• In the late 19th century the tomatoes were only available during summer and refrigerators were almost unkown, thus wise and cost-consious women from big cities and tomato producing areas made their own tomato paste for the winter. Keep in mind that tomato was introduced to Greece in 1815 when the country was still under Ottoman domination. It wasn’t until the second half of the 1800s that the tomato finally found a home here.
  • When Greeks finally accepted tomato, they considered it as a vegetable worth being preserved for use throughout the winter.
  • For villagers of the mountainous areas and the very poor Greeks fresh tomato and homemade tomato paste, were still luxuries. In 1911, the Manoussakis brothers founded the first Greek tomato – canning company, Kyknos (kyknos is the Greek word for swan). In the same year Kyknos manufactured 1000 cans of peeled tomatoes and a significant number of tomato paste cans.
  • The farmers from Santorini made their own tomato paste using the waterless cherry tomatoes (tomatakia) that were cultivated on the island.  By 1902 hand made tomato paste was exported to Turkey and Egypt. It gradually became a major agricultural export good. The increase in urban populations across Greece, Europe and Egypt resulted in a rising demand for canned tomatoes and paste. In 1929 the first tomato paste-processing factory was built. Tomato paste could easily be packaged and shipped abroad.
  • Tomato based dishes took flight when producers began selling the canned paste. However, the women did not stop to transform tomatoes to paste because it was economical and tasteful.
  • In the early 20th century a new sort of snack was invented: a piece of bread that had sun dried tomato paste on one side, sprinkled with few drops of olive oil an oregano and occasionally topped with some local goat cheese.
  • Today, most Greeks use the industrial tomato products, though there is nothing like a wonderfully aromatic home-made tomato paste to thicken and give color to a sauce. The commercial tomato paste is not quite same as the home made one which can also include garlic or peppers or herbs and, traditionally, is dried under the hot August sun. 

Boiling and baking method:

4 kilos tomatoes

2 tsp salt

if you like add: 2-3 garlic teeth or 1-2 large sweet green pepper seeded or 1 hot pepper or basil leaves etc.

For storing

sterilized glass jars

extra virgin olive oil

The traditional recipes ask for washed fresh tomatoes pureed through a food mill. Greeks hardly prepare peeled and seeded tomatoes for the paste but if you have time peel them, halve them and discard the seeds.

Blend the peeled tomatoes until pulped or cut them into quarters (In this case, also add garlic and/or peppers now). Transfer to a pot, add salt (garlic or peppers etc.) and bring to a boil for 2-3 minutes, stirring regularly. If you have cut the tomatoes in quarters, it’s time to process them in a food mill, processor, or blender until well pulped.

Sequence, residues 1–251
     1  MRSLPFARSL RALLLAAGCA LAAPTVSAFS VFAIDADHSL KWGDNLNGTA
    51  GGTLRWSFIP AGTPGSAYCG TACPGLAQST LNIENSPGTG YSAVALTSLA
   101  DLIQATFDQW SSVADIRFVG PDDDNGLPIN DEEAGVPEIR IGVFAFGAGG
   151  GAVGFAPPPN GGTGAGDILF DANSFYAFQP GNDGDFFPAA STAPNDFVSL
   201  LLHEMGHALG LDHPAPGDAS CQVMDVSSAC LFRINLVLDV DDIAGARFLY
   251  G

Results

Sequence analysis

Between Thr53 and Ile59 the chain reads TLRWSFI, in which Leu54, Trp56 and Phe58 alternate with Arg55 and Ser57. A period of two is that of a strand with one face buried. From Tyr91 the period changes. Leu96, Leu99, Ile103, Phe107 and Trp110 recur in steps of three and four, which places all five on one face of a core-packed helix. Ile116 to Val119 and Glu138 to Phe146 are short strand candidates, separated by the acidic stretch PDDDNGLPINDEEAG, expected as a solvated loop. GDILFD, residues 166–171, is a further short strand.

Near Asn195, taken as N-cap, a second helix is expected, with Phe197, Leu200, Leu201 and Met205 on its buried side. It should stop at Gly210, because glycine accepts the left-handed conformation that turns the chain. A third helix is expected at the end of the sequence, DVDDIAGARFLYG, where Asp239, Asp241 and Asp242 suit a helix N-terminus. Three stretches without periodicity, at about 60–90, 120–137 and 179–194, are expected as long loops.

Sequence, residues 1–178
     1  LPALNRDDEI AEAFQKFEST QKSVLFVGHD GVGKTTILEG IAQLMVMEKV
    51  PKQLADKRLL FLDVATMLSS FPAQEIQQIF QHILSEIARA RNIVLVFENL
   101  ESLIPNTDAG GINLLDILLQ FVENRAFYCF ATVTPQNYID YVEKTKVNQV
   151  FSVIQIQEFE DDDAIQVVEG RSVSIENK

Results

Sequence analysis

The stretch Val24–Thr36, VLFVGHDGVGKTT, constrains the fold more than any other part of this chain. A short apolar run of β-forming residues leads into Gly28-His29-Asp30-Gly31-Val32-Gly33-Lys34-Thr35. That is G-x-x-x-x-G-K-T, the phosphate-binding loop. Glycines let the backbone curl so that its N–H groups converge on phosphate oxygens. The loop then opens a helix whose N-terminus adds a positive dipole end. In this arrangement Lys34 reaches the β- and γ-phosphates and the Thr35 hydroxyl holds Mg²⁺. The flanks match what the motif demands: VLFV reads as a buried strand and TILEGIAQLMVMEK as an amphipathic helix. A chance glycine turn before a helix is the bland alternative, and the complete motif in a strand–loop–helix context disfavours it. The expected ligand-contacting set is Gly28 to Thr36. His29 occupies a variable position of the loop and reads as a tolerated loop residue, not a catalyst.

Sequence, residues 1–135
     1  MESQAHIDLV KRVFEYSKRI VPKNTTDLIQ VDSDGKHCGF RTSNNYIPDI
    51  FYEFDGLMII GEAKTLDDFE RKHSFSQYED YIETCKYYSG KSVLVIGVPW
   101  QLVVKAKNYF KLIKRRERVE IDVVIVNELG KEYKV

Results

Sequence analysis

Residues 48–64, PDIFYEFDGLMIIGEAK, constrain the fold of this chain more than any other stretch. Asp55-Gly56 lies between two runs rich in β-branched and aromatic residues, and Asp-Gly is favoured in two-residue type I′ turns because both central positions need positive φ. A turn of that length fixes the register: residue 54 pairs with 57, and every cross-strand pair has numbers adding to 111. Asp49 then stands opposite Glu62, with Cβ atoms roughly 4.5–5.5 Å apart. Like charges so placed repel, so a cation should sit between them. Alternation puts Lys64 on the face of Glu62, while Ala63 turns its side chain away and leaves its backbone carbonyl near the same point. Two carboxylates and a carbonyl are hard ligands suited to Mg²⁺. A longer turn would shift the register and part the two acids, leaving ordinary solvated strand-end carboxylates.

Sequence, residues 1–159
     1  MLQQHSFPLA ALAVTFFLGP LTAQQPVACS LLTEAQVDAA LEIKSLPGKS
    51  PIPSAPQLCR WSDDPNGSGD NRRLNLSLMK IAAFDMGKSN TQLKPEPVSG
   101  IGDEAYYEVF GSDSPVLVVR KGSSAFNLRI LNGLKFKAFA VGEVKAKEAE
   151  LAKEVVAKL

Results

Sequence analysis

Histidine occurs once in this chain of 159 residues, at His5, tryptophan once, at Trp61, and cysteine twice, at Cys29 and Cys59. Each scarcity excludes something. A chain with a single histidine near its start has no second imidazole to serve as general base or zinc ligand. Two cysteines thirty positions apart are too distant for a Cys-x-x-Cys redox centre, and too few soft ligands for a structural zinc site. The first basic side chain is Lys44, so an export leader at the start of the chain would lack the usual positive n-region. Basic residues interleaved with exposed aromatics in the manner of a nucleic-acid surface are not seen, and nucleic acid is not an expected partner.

Then cook them over very low heat for 45-60 minutes, uncovered, stirring occasionally. (Please, avoid aluminum pans and use a wooden spoon). Transfer the pan to the oven and bake for about 5 hours (75°C) or until the sauce will become very thick and homogenous. Spoon the mixture into sterilized glass jars, cover with virgin olive oil, let it cool down and store in the refrigerator. To use, dilute with a little boiling water.

Baking and sun drying method

Puree the washed and skinned tomatoes in a food mill or food processor or a blender. Transfer to a pot. If you’ll use garlic its time to crush it, if you like peppers or basil process them in the blender with a little tomato – liquid. Transfer to the pot, add the salt and bring to a boil (2-3 minutes).

Let the mixture cool down. Line a bowl with cheesecloth and pour the mixture into it. Gather the ends of the cheesecloth together, tie them with a string and hang it to drain for one night. Unwrap the cloth and spread the mixture 2 cm thick on baking dishes. Put out in the sun for 2-3 days. Protect the paste from insects with a piece of cheesecloth or netting.

Transfer the dishes in the oven and bake for about 3 hours (50°C). Transfer the paste into sterilized glass jars, cover with virgin olive oil, let it cool down and store in the refrigerator. To use, dilute with a little boiling water.



4 thoughts on “TOMATO PASTE

  1. With the abundance of tomato used in Cretan cooking, it is amazing that it was only introduced 200 years ago to Greece. I’m very lucky to preserve tomatos in a similar way to the one you describe above, but I use vinegar in the boiling process, and I don’t add salt or oil.

    This was a most informative post, and a fantastic read.

  2. Maria, in fact the farmers, particularly in the mainland, had strong aversion for the tomatoes till the second decade of 20th century!
    …And I like the tip about vinegar.

Leave a Reply

Fill in your details below or click an icon to log in: Logo

You are commenting using your account. Log Out /  Change )

Twitter picture

You are commenting using your Twitter account. Log Out /  Change )

Facebook photo

You are commenting using your Facebook account. Log Out /  Change )

Connecting to %s